Historically, utilities were compensated based on the number of kilowatt-hours they were able to sell to customers. If they could sell above the projected kWh sales used to create tariffs, they could make excess returns. However, if they sold fewer kWh than expected, they earned returns below the allowed return that the utility regulator permitted. These basic rules made it very difficult for utilities to offer efficiency programs, since those would limit their ability to sell more kWhs and earn higher returns. Recognizing the disincentive for offering efficiency to customers, many regulators have changed how utilities get paid for saving energy. More than half of the United States have some type of cost recovery in place. Perhaps the most effective mechanism has been decoupling, which breaks the link between earnings and total energy sold. The most effective programs also let utilities keep a small part of the savings they achieve for customers, so the parties’ incentives are fully aligned.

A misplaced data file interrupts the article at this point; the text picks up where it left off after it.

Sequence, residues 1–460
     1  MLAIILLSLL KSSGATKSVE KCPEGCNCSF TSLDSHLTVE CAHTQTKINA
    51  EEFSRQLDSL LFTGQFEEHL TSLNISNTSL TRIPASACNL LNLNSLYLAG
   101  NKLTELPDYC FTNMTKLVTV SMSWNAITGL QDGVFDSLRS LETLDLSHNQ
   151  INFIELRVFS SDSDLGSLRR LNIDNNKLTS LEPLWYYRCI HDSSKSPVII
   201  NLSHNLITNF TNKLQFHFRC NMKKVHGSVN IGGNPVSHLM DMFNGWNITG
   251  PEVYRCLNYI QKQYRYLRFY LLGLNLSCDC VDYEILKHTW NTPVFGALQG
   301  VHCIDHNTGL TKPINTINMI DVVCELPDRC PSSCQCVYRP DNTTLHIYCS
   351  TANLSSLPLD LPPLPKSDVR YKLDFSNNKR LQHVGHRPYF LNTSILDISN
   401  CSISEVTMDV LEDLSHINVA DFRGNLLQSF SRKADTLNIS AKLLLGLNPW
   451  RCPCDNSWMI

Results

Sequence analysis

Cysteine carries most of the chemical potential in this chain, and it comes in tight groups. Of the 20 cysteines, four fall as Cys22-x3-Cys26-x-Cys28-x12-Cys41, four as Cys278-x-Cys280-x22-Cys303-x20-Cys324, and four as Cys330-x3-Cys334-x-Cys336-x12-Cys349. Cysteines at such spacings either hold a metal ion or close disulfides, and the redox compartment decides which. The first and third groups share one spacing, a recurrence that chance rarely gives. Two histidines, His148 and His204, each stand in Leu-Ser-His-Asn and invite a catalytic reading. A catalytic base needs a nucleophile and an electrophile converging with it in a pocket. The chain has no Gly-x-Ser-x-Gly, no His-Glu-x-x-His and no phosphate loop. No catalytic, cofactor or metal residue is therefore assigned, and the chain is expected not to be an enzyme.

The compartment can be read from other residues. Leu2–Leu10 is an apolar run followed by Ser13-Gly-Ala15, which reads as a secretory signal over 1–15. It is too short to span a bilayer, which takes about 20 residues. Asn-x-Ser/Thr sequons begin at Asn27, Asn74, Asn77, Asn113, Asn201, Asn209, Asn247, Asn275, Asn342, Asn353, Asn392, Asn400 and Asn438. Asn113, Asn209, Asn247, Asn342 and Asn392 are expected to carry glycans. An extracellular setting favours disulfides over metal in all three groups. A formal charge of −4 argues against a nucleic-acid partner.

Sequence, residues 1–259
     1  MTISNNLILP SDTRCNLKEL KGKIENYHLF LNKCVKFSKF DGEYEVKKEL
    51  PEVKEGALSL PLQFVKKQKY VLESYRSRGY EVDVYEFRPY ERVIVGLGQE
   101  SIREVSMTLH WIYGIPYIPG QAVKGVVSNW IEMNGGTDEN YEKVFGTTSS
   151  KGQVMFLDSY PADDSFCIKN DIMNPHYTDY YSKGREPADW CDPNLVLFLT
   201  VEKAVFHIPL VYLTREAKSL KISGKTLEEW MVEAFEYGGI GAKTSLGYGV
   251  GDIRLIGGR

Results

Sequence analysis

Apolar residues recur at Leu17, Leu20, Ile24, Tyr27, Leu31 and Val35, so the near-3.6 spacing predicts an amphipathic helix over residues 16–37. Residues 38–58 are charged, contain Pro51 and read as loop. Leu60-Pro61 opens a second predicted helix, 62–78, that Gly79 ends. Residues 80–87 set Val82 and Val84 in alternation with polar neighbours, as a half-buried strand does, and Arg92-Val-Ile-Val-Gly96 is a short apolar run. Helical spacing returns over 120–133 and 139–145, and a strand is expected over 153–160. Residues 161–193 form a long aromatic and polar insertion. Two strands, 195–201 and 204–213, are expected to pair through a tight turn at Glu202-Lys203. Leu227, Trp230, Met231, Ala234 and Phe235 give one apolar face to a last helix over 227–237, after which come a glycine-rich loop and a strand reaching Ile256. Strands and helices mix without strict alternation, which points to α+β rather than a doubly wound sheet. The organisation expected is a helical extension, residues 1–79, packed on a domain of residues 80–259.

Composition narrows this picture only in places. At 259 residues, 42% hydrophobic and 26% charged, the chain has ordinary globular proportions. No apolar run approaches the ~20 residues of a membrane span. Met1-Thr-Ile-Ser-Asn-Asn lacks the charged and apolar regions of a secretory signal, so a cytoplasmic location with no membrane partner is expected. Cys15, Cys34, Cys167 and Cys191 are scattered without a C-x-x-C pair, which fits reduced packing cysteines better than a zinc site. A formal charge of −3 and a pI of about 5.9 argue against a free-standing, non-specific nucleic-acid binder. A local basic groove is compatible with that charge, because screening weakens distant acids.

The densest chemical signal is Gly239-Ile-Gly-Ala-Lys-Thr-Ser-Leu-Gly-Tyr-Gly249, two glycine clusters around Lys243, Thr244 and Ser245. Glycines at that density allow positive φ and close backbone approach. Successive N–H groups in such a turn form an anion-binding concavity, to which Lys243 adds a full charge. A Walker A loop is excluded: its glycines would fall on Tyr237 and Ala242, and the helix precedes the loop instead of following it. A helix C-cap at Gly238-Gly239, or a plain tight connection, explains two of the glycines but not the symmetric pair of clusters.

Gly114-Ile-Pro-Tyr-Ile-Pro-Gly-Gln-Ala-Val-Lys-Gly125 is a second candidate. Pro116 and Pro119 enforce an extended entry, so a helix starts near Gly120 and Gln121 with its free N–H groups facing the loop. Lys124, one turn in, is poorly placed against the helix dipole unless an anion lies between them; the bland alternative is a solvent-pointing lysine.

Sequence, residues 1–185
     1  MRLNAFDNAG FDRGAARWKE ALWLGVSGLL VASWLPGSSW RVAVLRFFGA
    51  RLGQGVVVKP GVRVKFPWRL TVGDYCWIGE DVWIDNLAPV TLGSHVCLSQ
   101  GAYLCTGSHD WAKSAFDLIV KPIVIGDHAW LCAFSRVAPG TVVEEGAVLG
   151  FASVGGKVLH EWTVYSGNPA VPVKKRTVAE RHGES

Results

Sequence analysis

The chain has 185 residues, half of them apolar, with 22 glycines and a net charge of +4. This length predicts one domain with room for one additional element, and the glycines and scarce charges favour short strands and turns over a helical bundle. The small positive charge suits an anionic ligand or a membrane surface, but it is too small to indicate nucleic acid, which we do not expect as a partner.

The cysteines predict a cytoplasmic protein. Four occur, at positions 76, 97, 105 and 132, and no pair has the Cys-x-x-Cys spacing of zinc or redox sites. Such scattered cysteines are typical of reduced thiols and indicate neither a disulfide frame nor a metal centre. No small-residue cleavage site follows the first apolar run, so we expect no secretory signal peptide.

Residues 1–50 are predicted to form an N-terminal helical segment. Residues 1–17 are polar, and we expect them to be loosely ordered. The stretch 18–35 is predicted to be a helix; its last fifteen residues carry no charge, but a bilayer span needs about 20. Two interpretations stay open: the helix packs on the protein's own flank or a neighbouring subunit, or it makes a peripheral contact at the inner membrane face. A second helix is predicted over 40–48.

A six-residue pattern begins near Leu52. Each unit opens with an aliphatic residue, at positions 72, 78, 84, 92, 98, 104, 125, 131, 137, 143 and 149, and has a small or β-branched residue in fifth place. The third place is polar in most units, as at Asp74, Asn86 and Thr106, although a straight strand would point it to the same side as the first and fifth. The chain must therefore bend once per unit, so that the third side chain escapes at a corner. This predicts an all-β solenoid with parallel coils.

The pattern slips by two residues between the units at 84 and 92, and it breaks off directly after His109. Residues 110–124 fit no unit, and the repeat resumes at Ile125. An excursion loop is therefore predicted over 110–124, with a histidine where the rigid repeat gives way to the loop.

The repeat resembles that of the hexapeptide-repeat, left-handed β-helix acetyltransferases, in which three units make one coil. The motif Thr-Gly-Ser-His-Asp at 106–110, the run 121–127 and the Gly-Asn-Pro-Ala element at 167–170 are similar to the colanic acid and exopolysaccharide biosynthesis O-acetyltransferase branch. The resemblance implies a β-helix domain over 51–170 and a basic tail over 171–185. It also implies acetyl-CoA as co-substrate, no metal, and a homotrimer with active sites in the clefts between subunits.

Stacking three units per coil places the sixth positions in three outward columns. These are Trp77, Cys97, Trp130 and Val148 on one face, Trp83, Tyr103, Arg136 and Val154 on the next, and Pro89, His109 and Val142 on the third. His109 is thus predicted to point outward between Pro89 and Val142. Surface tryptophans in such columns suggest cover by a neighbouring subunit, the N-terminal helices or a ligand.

Natural Resources Defense Council. 2011. "U.S. Decoupling Maps." Natural Resources Defense Council.